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Identifying traumatic bonding and understanding its implications
Posted in Mental Health - 1 Comments

identifying traumatic bonding and understanding its implications

Research shows that every year, 10-50 percent of women suffer intimate partner violence. These toxic situations in a person’s life can result in a myriad of possible mental disorders or related consequences, including post-traumatic stress disorder (PTSD) and even substance abuse. However, another significant result of traumatic events in a relationship as a result of a severely unhealthy domestic situation is the phenomena of avoidant coping strategies, such as traumatic bonding.

While the proposed term may not be familiar, most people have been introduced to traumatic bonding first-hand or indirectly, through a loved one. While signs of physical and psychological trauma can appear very evident in victims, usually in the form of bruises or excessive anxiety, these same victims may deny or avoid addressing their partner’s abuse. Officially, this type of bonding is characterized by ongoing cycles of abuse in which the consistent, yet grossly disproportionate, reinforcement of punishment and reward establishes an emotional bond that is very resistant to change.

In these kinds of cases, the term “Stockholm syndrome” is also thrown around loosely. This theorized, psychological manifestation shares very similar characteristics with traumatic bonding, but the former usually encompasses a hostage-captor relationship or scenario. Other terms such as reaction formation, defined as the adoption and exaggeration of ideas and impulses that are completely opposed to one’s own, is also occasionally used. Over time, different studies that observe the aspects of domestic violence and abuse use these related classifications to describe the same circumstances.

For instance, a study in 1984 examining Stockholm syndrome and related coping mechanisms discovered some forms of coping do not address the problem, but instead victims find a way to endure the situation by identifying with their abusers. Coping mechanisms like these have also been shown to have a large impact on PTSD and its relationship to women who had experienced sexual assault or domestic abuse. Post-traumatic stress disorder is a mental health condition commonly triggered by a traumatic event in the person’s life, resulting in episodes of extreme anxiety and avoidance behaviors. A 1991 study found that coping strategies, such as wishful thinking that the trauma had not happened or was the victim’s own fault, were correlated with an increase of PTSD symptoms. The research even proposes a connection between this coping style and Stockholm syndrome due to the amount of self-delusion of the mutually-afflicted individuals.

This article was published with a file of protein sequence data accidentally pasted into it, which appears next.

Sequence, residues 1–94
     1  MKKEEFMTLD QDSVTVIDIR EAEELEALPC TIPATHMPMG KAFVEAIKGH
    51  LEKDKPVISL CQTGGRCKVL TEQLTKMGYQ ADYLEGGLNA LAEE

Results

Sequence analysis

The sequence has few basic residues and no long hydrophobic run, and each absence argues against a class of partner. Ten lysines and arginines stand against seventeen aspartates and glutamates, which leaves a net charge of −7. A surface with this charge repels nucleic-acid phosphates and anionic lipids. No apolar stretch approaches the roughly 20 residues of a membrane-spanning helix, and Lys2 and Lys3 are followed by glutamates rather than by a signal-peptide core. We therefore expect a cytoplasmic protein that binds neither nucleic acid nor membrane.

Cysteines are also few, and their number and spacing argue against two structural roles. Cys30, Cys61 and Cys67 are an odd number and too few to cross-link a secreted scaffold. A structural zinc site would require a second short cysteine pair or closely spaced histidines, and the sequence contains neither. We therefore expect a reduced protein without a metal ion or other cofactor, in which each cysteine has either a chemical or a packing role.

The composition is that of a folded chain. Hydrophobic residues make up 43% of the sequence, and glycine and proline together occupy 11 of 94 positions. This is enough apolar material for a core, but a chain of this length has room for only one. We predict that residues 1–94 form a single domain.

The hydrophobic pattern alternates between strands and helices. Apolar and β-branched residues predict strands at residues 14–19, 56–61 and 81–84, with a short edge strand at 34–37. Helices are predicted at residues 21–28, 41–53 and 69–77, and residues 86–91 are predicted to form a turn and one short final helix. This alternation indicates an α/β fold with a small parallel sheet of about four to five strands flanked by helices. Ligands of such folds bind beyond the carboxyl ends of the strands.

In more recent years, research has delved deeper into the connection between PTSD and coping strategies. At some universities, researchers found that students with symptoms of PTSD using the health care clinic on campus were associated with higher levels of avoidance coping behaviors rather than approach coping behaviors, or actively trying to solve one’s own problems. Another study in 2009 explored the relationship between PTSD and Stockholm syndrome in populations of battered women. It was suggested that PTSD and Stockholm syndrome are correlated because of their similarity in avoidant methods of coping. As a result, a small connection was noted. When reported signs of Stockholm syndrome were low, a correlation between abuse and PTSD was observed.

Overall, these accumulated results provide the possibility that Stockholm syndrome and similar coping mechanisms not only have a relationship with mental health disorders such as post-traumatic stress disorder, but that these coping styles also actively mitigate the relationship between PTSD and abuse. Whether its ramifications are classified as traumatic bonding or Stockholm syndrome, intermittent domestic and sexual abuse is a poisonous behavior that scars an individual’s physical, emotional and psychological health. This interpersonal rewiring is equally as dangerous in its ability to actually help a victim cope with feelings of anxiety and despair. Most importantly, one must be able to identify the common signs of abuse and traumatic bonding behavior:

  • Frequent, hidden injuries with repetitive excuses
  • Inconsistent attendance of daily obligations and activities
  • Being socially restricted, constantly checking in with their partner, and rarely choosing to go out
  • Seeming afraid or anxious to please their partner, often being submissive or subservient in their presence
  • Having low self-esteem, even experiencing mood swings or suicidal thoughts

If you or someone close to you shows symptoms of any kind of abuse, contact a support line or the nearest available treatment center for trauma and abuse, such as Sovereign Health of Arizona at 866-598-5661.

Written by Lee Yates, Sovereign Health Group writer

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